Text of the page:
Tincture Making Failure
Tinctures with vinegars and alcohols, oil macerations and glycerites have been filling my stockroom and taking lots of lab time for well over a year now. It's because I have been doing a pile of research for of some upcoming publications (more on that soon).
Today, we're going to look at a tincture making blooper.
Above: a lovely herbal tincture in vinegar from earlier this year. At the time I started this brew, there were so many jars and bottles in use, I mindlessly grabbed what was on the shelf - a glass pickling jar with a metal lid.
You've probably already figured out what's coming, but it took me a while before I realized my mistake.
Ever wonder why vinegar is often packaged in plastic? Because vinegar will interact with metal.
And when it does, undesirable gunkiness* happens.
(*highly scientific term)
The undesirable gunkiness has the amazing ability to find its way into every little nook and crannie of the lid and gunks up** your lovely tincture.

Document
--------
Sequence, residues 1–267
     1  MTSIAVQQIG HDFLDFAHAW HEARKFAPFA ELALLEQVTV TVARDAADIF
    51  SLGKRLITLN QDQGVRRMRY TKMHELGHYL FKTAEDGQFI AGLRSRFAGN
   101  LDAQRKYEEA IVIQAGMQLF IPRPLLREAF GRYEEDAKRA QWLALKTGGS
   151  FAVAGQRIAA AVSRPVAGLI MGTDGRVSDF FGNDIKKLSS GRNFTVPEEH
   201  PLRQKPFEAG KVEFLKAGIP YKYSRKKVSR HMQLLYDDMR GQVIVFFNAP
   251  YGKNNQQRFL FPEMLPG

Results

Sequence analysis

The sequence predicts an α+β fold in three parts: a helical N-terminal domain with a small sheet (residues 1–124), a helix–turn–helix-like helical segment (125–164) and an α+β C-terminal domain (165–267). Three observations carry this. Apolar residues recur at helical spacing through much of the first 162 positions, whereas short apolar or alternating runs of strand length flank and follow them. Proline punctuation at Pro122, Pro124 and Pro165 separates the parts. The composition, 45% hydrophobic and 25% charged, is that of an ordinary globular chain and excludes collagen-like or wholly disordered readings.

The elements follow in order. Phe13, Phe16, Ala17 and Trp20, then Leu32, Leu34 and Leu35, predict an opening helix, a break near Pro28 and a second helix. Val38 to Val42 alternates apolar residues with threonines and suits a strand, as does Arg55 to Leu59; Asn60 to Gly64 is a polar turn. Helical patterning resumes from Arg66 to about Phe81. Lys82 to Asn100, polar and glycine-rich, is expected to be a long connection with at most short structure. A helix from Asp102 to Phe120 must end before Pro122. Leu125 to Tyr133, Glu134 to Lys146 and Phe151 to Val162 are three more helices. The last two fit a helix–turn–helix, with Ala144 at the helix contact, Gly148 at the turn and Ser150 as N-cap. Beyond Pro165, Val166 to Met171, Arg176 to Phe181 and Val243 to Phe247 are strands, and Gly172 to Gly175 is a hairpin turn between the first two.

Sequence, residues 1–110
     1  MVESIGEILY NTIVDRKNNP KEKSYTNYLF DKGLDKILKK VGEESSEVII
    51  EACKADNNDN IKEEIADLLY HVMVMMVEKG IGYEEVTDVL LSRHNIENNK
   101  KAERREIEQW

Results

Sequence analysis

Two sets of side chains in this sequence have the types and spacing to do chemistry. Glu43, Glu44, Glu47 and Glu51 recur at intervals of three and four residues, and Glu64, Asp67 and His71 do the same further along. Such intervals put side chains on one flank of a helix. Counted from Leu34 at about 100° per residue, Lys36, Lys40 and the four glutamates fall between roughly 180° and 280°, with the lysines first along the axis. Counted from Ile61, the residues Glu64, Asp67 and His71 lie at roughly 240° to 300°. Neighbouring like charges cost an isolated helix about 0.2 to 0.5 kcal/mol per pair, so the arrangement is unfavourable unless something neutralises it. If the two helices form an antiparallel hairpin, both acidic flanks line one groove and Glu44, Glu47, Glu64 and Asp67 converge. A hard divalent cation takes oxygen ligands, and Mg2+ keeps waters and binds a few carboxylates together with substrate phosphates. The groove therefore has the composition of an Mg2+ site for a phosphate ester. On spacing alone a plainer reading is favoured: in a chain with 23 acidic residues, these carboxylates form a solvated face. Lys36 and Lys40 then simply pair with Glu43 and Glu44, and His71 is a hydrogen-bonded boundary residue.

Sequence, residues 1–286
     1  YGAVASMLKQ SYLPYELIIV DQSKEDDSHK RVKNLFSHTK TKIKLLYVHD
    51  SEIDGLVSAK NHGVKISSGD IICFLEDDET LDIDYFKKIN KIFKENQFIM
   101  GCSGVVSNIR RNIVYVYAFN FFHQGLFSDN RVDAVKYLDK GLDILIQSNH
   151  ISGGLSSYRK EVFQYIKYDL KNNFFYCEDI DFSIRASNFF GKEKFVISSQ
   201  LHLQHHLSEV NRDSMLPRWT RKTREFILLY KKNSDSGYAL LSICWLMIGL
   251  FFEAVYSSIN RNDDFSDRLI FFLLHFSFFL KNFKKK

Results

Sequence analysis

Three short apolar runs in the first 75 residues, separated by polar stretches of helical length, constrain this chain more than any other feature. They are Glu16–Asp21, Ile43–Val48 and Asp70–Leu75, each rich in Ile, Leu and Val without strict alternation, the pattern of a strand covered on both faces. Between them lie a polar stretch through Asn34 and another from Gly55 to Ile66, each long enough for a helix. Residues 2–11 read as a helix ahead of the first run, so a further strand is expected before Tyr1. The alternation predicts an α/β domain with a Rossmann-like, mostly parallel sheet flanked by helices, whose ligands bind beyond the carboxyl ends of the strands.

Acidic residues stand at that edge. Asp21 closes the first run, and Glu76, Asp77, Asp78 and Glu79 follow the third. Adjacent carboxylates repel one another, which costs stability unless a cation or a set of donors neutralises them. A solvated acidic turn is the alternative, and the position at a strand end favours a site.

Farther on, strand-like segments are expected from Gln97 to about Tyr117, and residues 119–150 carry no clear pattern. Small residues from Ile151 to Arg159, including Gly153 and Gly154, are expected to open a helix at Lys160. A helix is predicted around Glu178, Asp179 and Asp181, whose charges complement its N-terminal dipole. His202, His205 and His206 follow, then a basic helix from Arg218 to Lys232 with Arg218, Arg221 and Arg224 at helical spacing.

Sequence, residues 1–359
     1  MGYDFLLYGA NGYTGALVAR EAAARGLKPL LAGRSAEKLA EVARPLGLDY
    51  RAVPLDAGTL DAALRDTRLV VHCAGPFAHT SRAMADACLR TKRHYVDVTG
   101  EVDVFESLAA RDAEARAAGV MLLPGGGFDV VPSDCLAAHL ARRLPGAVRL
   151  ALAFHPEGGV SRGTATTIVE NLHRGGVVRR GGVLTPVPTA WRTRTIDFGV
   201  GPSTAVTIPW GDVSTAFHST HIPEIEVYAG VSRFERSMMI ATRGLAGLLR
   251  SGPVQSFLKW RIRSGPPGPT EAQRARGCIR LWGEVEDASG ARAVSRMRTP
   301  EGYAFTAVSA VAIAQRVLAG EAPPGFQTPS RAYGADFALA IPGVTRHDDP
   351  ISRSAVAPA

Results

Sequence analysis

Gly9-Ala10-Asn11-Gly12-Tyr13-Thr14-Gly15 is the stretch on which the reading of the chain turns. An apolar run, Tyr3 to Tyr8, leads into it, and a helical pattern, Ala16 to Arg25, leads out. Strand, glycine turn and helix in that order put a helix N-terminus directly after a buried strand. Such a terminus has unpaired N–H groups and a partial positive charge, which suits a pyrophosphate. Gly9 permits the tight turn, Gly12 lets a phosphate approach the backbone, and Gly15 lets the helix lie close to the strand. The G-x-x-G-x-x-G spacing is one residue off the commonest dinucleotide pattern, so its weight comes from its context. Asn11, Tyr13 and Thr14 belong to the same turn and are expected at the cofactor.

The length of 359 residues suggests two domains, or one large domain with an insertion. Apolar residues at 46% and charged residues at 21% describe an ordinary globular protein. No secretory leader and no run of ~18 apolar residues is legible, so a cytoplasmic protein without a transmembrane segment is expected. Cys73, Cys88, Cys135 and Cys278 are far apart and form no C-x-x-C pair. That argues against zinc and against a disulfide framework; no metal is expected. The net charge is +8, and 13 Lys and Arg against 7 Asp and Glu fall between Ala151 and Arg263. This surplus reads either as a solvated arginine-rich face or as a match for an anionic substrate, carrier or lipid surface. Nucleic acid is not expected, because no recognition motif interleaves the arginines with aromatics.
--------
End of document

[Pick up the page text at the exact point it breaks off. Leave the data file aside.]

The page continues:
(**another highly scientific term)
Before discarding this tincture, I thought I'd share it with you.
Tip: use metal-free containers and lids when making vinegar-based infusions. Do you only have a glass jar with a metal lid? No worries! Place a piece of waxed paper over the jar opening before pacing the lid on. Voilá - no metal contact!
(isn't it great when you can learn from other peoples mistakes?)
Steel wool and vinegar experiment for kids
More about Vinegar and Metal
What chemicals rust metal?